Tucker says some startling things. The notion of making "every man dependent upon wages" doesn't sound all that libertarian at first listen. Neither, of course, does it sound like a situation with much room for monopoly power or privilege. What does this generalized dependence mean? It means mutual dependence, labor exchange, complex barter of sweat and skills on the cost principle, according to the principle of the division of labor.
There is obviously a conceptual transformation at work here, but we would hardly expect anything else from the mutualist-individualist tradition. Unsuprisingly, there is no lexical orthodoxy among the mutualists. Ingalls strongly opposed wage labor, calling the wage relation "false and immoral." (See "The Wage Question," 1877, as well as his contributions to The Spirit of the Age.) But he became a great advocate of the labor exchange concept. For Ingalls, as for some contemporary critics, "wages" seems to imply something "false and immoral," closely connected to privilege or to the old enemies "force and fraud." Tucker clearly does not.
William B. Greene addressed the question in The Word, in letters to Rev. Jesse H. Jones.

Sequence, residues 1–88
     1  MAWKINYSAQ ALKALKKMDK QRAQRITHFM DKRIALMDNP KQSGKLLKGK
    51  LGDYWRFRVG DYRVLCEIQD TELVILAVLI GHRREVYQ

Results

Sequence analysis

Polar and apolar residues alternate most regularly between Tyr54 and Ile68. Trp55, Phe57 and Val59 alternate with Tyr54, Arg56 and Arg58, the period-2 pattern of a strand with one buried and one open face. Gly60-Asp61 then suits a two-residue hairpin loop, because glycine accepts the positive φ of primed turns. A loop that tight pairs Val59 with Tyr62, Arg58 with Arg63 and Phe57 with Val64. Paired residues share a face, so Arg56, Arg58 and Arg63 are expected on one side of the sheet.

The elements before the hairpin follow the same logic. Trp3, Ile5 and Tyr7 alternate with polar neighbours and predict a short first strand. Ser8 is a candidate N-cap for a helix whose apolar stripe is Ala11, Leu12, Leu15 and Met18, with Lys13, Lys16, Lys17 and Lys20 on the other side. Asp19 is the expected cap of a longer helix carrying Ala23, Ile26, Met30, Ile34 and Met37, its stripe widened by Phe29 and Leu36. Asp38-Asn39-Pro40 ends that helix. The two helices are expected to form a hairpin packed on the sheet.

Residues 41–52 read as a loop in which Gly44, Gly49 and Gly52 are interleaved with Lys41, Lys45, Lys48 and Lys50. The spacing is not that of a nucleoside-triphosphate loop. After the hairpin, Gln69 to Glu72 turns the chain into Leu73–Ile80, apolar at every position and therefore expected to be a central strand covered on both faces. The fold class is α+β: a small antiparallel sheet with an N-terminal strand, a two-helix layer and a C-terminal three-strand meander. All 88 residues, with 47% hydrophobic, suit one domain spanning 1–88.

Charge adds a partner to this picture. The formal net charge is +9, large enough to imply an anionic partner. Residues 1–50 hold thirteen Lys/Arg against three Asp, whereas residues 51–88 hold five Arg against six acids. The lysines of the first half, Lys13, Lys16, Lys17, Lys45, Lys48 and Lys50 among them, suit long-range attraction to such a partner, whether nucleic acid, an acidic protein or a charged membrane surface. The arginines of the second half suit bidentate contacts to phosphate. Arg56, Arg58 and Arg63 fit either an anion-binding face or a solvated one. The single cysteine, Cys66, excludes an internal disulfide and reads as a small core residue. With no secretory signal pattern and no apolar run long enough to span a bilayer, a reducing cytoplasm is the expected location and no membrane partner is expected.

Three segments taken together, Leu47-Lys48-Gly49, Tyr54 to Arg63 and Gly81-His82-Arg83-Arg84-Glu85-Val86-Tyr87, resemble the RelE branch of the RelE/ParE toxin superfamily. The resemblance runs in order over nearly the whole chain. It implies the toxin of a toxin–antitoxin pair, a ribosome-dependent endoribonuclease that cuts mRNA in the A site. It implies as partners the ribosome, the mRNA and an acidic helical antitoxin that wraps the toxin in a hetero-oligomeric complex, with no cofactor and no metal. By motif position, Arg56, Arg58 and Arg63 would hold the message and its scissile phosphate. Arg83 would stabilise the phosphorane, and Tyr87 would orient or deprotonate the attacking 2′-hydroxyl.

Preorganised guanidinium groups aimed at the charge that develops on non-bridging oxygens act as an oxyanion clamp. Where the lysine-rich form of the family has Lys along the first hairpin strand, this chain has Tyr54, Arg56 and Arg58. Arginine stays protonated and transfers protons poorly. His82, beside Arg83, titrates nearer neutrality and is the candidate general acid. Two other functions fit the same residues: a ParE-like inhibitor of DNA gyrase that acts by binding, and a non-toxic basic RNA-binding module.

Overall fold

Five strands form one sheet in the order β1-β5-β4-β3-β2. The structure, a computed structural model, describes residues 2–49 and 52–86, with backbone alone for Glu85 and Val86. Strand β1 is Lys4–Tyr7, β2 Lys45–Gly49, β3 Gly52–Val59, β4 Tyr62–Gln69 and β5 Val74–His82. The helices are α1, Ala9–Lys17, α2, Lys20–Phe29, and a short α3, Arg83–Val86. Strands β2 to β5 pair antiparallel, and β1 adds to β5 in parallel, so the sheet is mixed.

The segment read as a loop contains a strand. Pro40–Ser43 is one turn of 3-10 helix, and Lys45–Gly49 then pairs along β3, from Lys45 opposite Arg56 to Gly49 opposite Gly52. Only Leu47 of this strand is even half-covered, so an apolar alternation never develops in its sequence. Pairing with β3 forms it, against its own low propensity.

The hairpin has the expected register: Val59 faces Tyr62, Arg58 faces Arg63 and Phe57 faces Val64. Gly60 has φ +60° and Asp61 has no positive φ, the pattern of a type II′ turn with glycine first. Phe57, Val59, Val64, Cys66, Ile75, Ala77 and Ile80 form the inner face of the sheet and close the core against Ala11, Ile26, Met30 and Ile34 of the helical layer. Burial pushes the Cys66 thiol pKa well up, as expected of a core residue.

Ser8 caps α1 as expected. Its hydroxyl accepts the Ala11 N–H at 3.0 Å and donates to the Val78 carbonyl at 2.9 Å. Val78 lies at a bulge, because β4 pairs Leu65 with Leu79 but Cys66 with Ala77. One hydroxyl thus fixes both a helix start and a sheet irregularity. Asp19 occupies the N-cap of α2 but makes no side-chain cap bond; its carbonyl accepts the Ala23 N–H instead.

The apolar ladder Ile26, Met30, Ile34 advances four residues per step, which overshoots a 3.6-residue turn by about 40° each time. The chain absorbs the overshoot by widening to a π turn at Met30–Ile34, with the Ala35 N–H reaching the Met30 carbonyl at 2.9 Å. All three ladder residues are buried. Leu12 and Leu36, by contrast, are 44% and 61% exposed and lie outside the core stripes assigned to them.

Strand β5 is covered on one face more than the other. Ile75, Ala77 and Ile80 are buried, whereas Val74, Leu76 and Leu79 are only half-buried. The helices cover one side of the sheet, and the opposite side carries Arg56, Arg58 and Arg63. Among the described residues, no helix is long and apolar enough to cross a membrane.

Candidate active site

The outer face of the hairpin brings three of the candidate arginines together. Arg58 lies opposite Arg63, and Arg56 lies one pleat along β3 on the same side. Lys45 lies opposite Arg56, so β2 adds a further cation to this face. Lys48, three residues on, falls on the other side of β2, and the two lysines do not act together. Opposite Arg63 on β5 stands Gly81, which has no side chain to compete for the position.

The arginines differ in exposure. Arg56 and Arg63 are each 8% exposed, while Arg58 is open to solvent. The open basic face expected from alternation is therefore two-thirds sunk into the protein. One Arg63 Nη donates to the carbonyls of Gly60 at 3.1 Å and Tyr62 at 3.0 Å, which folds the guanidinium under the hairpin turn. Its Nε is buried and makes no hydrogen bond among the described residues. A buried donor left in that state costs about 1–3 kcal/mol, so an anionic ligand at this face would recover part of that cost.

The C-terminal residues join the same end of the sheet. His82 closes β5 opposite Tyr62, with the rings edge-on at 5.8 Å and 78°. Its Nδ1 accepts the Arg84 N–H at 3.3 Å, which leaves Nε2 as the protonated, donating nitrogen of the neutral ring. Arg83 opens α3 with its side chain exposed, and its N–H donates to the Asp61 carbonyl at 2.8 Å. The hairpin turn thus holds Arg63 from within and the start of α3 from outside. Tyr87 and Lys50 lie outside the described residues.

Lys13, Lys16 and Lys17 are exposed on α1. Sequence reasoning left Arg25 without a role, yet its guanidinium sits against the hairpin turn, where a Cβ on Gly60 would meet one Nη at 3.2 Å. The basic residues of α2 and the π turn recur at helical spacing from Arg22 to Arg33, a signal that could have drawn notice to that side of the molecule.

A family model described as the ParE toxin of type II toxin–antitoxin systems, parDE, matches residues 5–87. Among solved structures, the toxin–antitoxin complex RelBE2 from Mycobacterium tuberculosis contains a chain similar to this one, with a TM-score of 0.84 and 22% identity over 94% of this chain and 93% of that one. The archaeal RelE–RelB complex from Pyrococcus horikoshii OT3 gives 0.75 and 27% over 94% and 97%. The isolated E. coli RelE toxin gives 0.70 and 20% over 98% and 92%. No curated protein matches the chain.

BOSTON, MASS., Sept. 29, 1874.REV. JESSE H. JONES. Dear Sir,—Your letter of yesterday, to me, has been duly received. Contents noted. Please find enclosed a check for the money called for. You say, "As to banking, is not what men want, the willingness to work together, instead of to lend to each other?" I reply, that, so far as my experience goes, the willingness of John to help Thomas and Peter in their work usually takes the form of a willingness to lend money to them to help them along. The application to me for help in any work, almost always, perhaps always, assumes the shape of a request for a loan, or, perhaps, a gift, of money. So long as services are estimated in money values, the man who lends money lends aid and service. Money honestly acquired is the representative of services performed, for which the community is still in debt; and the transfer of money from Peter to John is the transfer of claim for wages due, and not yet paid in kind. I don't believe in the Christian communism you advocate. I repudiate it. I believe in work and wages. The apostles tried Christian communism, and failed. We to-day are no better, to say the least, than the apostles were, and no more competent to command success.
Respectfully,Wm. B. GREENE.
Greene, like Tucker, was differentiating himself from communists, insisting on the need for markets and exchange, credit and currency.
What is at state here, really? Greene and Tucker were advocating specific, individual compensation for the "cost" (calculated subjectively by the laborer, following Warren's model of "cooperation without combination") of specific labors, as opposed to any scheme which lumps or otherwise collectivises labor or remuneration. The mutualist labor market, like the mutualist commodity market, was to be a matter of complex barter, free from usury, with "profit" appearing only as a general effect of the community's cooperative efforts.
[to be continued...]